Title:
Method and apparatus for an analytical instrument oven module with variable speed fan
Kind Code:
A1


Abstract:
An oven module for use in controlling the temperature of a component of an analytical instrument. The oven module has an enclosure to accommodate the component and a heating element. The enclosure has a fluid intake and a fluid outlet. A variable speed fan, mounted within the enclosure, is operable to circulate fluid within the enclosure and to draw cooling fluid through the fluid intake into the enclosure. The variable speed fan is operated at an increased speed when cooling of the oven is required.



Inventors:
Millor II, Sammye Elizabeth (New Castle, DE, US)
Application Number:
10/887124
Publication Date:
01/12/2006
Filing Date:
07/08/2004
Primary Class:
Other Classes:
422/400
International Classes:
B32B27/04; G01N30/02; G01N30/30
View Patent Images:
Related US Applications:



Primary Examiner:
CHAN, CEDRIC A
Attorney, Agent or Firm:
AGILENT TECHNOLOGIES, INC. (Loveland, CO, US)
Claims:
What is claimed is:

1. An oven module for use in controlling the temperature of a component of an analytical instrument, comprising: an enclosure of sufficient size and shape to accommodate the component, the enclosure having a fluid intake and a fluid outlet to accommodate circulation of fluid through the enclosure; and a variable speed fan operable at a first speed to circulate fluid within the enclosure and at a second speed, higher than the first speed, to draw cooling fluid through the fluid intake into the enclosure.

2. An oven module in accordance with claim 1, wherein the analytical instrument is operable to analyze a sample in an analysis period during which the temperature of the oven module is higher than an ambient temperature, and wherein the temperature of the oven module is reduced during a cool-down period following an analysis period, and wherein the variable speed fan is operable to rotate at a higher speed during the cool-down period than during the analysis period.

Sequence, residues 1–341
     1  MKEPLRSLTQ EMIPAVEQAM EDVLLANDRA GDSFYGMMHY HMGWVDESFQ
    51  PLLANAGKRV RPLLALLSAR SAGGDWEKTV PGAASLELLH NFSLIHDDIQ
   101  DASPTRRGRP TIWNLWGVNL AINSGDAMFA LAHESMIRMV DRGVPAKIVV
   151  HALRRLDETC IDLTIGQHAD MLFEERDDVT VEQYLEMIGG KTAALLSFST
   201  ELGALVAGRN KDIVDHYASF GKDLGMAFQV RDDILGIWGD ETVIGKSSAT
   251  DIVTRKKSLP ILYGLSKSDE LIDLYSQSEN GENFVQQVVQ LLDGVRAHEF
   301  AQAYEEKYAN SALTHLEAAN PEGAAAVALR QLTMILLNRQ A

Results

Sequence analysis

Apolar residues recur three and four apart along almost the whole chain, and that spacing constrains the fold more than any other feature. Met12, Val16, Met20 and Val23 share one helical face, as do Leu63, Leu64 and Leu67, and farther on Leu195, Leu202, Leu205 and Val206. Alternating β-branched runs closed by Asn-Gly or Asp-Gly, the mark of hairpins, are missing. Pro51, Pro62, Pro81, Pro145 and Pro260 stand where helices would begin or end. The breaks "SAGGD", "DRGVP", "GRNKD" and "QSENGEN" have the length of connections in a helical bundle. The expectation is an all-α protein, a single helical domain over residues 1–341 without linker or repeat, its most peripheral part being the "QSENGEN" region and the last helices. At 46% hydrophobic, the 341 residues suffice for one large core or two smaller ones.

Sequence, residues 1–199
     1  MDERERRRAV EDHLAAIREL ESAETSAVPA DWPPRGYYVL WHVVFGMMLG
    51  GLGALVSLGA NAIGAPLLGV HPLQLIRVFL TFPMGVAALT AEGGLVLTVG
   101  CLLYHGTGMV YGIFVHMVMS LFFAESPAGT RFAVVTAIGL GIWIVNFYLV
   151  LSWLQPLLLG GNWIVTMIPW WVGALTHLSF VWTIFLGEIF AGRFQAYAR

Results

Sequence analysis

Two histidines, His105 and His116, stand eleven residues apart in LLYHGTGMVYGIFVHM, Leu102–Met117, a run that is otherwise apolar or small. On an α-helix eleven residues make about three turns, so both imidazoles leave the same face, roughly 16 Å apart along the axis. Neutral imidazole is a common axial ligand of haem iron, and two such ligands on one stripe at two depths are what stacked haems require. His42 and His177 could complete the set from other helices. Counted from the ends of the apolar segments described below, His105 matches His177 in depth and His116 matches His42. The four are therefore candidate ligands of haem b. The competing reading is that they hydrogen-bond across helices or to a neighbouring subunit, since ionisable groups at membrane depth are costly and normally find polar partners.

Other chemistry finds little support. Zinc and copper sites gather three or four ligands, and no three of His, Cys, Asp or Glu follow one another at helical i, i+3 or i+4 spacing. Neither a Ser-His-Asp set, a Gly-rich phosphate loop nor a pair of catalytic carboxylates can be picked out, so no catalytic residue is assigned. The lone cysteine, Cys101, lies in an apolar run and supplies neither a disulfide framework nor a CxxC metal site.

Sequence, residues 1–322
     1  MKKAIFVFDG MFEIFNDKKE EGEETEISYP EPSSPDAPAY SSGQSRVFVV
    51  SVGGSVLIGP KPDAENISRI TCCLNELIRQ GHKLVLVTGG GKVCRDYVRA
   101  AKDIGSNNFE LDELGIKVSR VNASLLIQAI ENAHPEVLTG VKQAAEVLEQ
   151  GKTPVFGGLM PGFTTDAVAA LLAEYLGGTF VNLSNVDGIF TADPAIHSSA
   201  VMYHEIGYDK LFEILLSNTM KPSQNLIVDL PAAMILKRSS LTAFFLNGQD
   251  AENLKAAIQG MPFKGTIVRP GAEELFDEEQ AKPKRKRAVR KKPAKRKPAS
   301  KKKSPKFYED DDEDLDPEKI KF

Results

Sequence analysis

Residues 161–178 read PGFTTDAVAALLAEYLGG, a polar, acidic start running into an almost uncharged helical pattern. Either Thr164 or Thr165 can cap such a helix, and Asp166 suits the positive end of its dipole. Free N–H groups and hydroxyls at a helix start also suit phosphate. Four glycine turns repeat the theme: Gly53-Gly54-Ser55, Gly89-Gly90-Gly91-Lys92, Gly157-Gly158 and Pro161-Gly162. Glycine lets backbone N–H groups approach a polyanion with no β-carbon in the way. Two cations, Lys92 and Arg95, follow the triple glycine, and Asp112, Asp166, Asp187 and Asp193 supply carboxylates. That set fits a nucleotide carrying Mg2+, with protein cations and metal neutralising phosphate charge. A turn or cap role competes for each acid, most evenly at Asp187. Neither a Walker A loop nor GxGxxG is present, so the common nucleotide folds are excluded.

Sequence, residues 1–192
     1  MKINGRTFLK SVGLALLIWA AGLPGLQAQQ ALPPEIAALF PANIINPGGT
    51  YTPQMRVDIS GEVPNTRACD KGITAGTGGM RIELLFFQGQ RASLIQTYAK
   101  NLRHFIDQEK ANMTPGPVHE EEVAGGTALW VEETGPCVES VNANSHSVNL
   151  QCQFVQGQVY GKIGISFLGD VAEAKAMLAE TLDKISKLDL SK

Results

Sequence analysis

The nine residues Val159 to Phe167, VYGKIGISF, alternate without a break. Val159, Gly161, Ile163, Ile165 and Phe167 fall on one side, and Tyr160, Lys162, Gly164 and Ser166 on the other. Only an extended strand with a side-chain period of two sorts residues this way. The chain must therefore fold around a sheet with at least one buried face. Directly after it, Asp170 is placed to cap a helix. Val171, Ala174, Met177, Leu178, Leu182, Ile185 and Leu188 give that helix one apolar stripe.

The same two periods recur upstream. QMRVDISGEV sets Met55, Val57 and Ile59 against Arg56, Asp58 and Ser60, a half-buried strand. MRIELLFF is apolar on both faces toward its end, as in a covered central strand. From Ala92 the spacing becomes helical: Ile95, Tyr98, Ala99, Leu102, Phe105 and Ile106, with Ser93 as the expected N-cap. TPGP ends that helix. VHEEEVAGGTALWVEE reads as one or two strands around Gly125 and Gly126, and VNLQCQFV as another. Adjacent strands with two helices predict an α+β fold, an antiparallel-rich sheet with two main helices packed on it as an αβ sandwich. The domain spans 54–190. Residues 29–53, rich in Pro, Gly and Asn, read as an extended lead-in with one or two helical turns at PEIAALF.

3. An oven module in accordance with claim 2, further comprising a booster fan situated within the fluid intake and operable to increase fluid flow through the oven module during the cool-down period.

4. An oven module in accordance with claim 2, further comprising a booster fan situated within the fluid outlet and operable to increase fluid flow through the oven module during the cool-down period.

5. An oven module in accordance with claim 1, wherein the variable speed fan is selected from a group of fans consisting of an axial fan, a centrifugal fan and a radial fan.

6. A gas chromatograph having an improved cooling rate, the gas chromatograph comprising: an enclosure having a fluid intake and a fluid outlet and operable in an cycle including a heating period and a cooling period; a chromatographic separation column mounted within the enclosure; and a variable speed fan operable at a first speed to circulate fluid within the enclosure during the heating period and at a second speed, higher than the first speed, to draw cooling fluid through the fluid intake into the enclosure during the cooling period.

7. A gas chromatograph in accordance with claim 6, further comprising a fan-speed controller, operable to control the variable speed fan to be at a first speed when the gas chromatograph is analyzing a sample and to be at a second speed when the enclosure is cooling.

8. A gas chromatograph in accordance with claim 6, wherein the speed of the variable speed fan is varied during the cooling period to maximize the rate of cooling.